- Protect intellectual property (IP): While the EO does not completely ignore the issue of protecting IP, it does not offer much peace of mind to those who know how this typically gets done. The government states the obvious: They will deal with IP theft in a manner consistent and applicable to current methods. The problem? We can’t even do that effectively now. The FBI estimates that China steals between $225 billion to $600 billion of American IP annually, and it only takes a simple internet search to uncover the number of arrests and cases the FBI has made concerning espionage by Chinese nationals in the United States under a visa program. This has been a persistent issue for American businesses, and the United States has made it clear that they are concerned with the implementation of IP law in China. We can monitor their progress in addressing IP issues (which has slowed recently), all we want. Meanwhile, American companies are losing billions to a competitive market. Foul play will cause America to fall behind in the AI arms race. To protect and better manage IP, we need to raise the barriers to entry from countries identified on the United States Trade Representative Priority Watch List, and combine that with enhanced investigations and penalties for espionage committed by nationals from countries on the list.
- Secure the government’s classified information. It’s not just businesses that are at risk of espionage. The EO even recommends relaxing processes for hiring noncitizens in the Department of Defense and streamlining access to classified information in DoD laboratories. While streamlining bureaucratic processes may be a positive when renewing a car registration, when it comes to our very own national security, we cannot afford to bring a trojan horse inside our walls. There’s no silver bullet for stopping espionage or IP theft. FBI Director Christopher Wray testified two years ago that a counterintelligence investigation against China was being opened every 12 hours. That has only accelerated. More FBI agents, more prosecutors and more judges will slow, but not stop, the problem. We must play the long game by reducing the level of access, designated under the Limited Access Authorization (LAA), for non-citizens from Secret to Confidential if their country of origin is on the Priority Watch List, and revoke all LAA authorization if the country of origin remains on the Priority Watch List for three consecutive years.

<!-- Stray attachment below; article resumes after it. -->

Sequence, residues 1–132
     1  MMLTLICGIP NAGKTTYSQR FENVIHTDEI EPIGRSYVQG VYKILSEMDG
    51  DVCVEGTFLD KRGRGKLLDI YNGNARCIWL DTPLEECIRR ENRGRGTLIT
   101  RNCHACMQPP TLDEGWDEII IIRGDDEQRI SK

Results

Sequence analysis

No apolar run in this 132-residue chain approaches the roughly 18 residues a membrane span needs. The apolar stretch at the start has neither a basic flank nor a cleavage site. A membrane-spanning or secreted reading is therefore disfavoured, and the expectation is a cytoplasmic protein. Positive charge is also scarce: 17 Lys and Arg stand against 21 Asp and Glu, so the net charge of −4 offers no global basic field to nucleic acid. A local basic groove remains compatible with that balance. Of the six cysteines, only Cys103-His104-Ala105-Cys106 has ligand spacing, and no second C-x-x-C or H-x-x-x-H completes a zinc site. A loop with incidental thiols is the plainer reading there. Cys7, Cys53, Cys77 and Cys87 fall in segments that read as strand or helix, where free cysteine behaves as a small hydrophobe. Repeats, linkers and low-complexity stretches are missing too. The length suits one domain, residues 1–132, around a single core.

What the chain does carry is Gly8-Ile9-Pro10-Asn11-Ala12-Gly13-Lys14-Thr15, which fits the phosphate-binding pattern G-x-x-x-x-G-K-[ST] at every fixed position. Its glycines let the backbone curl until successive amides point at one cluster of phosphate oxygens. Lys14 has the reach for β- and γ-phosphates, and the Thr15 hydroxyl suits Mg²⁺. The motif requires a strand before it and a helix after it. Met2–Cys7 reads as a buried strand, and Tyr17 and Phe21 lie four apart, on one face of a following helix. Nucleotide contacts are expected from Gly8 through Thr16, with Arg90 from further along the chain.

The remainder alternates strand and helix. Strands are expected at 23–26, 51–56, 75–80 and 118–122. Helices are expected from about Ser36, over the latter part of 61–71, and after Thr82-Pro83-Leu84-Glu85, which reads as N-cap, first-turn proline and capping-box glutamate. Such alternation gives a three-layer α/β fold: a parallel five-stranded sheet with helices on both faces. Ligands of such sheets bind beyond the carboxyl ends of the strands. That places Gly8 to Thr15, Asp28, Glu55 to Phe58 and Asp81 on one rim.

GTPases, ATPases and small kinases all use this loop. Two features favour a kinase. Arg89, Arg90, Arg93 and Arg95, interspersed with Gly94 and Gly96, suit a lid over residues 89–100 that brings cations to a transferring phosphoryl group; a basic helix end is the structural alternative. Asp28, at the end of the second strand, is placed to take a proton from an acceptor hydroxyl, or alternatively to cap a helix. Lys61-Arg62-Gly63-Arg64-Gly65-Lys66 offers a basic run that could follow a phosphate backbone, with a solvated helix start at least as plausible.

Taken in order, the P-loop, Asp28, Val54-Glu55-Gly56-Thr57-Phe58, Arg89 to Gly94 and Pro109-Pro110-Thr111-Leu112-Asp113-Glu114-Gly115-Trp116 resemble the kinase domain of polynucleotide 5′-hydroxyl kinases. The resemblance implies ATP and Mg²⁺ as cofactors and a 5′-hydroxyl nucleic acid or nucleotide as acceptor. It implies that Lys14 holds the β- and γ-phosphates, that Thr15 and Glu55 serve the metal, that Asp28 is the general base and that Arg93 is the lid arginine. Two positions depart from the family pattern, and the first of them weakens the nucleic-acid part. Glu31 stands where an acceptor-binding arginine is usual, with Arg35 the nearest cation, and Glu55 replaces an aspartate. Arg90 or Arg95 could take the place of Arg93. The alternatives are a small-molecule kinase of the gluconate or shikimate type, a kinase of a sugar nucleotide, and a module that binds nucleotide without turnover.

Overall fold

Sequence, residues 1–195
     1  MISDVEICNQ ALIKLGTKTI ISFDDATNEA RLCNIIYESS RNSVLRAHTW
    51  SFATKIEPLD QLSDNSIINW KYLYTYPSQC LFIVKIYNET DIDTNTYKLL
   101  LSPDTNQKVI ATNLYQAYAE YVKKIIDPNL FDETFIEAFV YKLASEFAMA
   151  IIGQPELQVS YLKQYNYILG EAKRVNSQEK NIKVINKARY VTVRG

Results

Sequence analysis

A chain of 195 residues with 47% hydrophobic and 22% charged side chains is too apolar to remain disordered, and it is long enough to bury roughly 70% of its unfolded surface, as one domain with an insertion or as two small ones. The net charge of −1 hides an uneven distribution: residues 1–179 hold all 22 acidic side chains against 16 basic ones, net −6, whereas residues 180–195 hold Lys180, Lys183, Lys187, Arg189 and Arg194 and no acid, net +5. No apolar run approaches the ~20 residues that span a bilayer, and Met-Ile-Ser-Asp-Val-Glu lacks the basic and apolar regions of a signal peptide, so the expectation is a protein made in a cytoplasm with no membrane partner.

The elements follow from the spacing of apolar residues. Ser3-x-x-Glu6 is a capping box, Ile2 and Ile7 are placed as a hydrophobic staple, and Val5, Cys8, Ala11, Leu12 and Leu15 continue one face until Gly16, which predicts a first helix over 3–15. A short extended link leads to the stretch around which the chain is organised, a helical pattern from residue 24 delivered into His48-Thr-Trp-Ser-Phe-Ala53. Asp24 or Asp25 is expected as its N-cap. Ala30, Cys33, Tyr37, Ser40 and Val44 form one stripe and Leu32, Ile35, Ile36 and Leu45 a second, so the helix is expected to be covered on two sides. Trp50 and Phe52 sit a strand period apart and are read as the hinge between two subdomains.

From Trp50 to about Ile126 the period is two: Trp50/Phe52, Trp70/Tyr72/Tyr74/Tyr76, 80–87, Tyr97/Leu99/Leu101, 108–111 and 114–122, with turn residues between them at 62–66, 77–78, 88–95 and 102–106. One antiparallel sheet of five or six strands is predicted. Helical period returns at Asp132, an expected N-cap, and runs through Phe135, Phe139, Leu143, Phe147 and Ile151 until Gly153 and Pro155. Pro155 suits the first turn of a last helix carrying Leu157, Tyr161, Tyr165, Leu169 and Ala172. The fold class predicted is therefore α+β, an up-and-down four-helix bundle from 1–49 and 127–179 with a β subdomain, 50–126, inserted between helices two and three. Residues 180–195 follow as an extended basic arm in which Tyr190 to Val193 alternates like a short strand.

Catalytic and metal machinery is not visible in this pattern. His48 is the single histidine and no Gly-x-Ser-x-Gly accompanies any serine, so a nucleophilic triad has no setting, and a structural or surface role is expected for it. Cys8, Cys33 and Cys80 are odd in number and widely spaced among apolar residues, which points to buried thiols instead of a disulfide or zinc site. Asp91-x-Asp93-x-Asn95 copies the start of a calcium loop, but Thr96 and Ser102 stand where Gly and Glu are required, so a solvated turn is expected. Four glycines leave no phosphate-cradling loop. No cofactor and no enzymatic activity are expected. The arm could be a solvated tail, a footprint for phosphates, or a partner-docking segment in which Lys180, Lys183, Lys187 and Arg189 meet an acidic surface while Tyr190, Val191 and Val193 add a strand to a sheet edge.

The siren call of easy access to “talent” from China and other adversaries gets outweighed by the enormous costs. In the words of Teddy Roosevelt, “Do what you can, with what you’ve got, where you are.” Invest in our own students, hang tough, and reduce the need for foreign talent.
The private sector doesn’t fear regulation. They don’t always welcome it, but it’s a fact of life. CEOs and board members fear overregulation that effectively cedes the advantage to competitors and adversaries, and extracts an unsustainable financial burden in the name of “compliance.”
There’s no easy answer to solving many of the issues raised by this EO. Without the force of law, congressional debate and funding authorization, and the increased participation and incorporation of private sector concerns, Executive Order 14110 will be another fitful stop-start that only emboldens our adversaries and slows solving the more significant problems.
Morgan Wright, chief security advisor, SentinelOne